The Quintric system helps manage phantom inflationary influences and distortions. For similar reasons, and because precious metals find their price stability on a global level, rather than national, the system can help manage foreign exchange (“forex”) exposure in a way heretofore not readily available, including cost reductions in administration and overhead related to treasury functions, hedging transaction costs, etc. Because of the advantages in managing forex exposure, the Quintric system could become very popular among multinational businesses with significant cross-border money flows, including repatriation.
While the federal government has expressly withdrawn its consent to obligations requiring tender of a particular type of dollar (31 U.S.C. § 5118), (meaning that a holder of the $50 gold certificate—as in the illustration above—can no longer demand a $50 gold coin from the U.S. Treasury), since 1977, private parties contracting under U.S. law are not prohibited from designating the form of legal tender in transactions between them, even though they still cannot require the U.S. Government to use a “gold clause” in a contract requiring the government to pay in gold. For private party transactions, the introduction of the Quint eliminates practical barriers to designating payments in specie legal tender. This makes the beneficial use of gold clauses feasible for employment contracts, capital asset purchases, long-term loan agreements, and in a myriad of other contexts.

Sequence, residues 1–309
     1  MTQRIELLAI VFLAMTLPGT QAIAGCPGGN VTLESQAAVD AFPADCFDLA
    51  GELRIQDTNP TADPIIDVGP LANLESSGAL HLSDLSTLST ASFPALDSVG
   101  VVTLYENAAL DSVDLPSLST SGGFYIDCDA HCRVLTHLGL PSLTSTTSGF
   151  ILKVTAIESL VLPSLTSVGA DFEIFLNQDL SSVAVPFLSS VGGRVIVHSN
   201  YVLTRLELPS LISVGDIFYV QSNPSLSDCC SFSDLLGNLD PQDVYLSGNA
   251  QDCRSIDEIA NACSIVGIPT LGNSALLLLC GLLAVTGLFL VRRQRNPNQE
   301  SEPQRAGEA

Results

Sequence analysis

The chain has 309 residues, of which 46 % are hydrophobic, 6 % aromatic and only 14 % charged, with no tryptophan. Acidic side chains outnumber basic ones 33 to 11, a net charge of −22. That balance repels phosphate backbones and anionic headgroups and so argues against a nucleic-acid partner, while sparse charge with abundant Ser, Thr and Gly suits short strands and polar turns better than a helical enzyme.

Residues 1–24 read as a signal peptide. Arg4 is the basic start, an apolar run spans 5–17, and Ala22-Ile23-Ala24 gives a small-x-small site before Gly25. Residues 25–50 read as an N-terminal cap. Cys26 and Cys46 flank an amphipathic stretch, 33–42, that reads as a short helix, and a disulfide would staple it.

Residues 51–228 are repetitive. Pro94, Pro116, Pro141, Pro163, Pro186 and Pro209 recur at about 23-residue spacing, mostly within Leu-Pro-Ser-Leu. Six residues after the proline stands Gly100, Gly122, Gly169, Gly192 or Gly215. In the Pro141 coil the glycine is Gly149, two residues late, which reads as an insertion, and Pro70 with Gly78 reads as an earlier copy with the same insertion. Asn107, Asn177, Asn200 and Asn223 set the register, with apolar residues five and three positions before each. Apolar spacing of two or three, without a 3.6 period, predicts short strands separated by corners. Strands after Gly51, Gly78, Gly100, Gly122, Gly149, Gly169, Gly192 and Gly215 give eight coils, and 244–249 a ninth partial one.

D. Reduces the National Debt
When asked why the Reagan Administration had worked so tirelessly to reinstate precious metal coin as legal tender options for the American people, Then Secretary of the Treasury, Donald Regan, simply replied "to reduce the national debt."23 Indeed, that landmark legislation expressly provides:
Amounts received from the sale of gold shall be deposited by the Secretary in the general fund of the Treasury and shall be used for the sole purpose of reducing the national debt.24
The law also requires that the U.S. Secretary of the Treasury is to produce enough silver and gold American Eagles "sufficient to meet public demand."25 Thus, Reagan's legacy was to place firmly in the hands of the people an effective tool for federal debt reduction. That leaves a restoration of true choice in currency up to each American to do their part in electing to exchange paper dollars for gold ones and then to use them for the purchase of goods and services.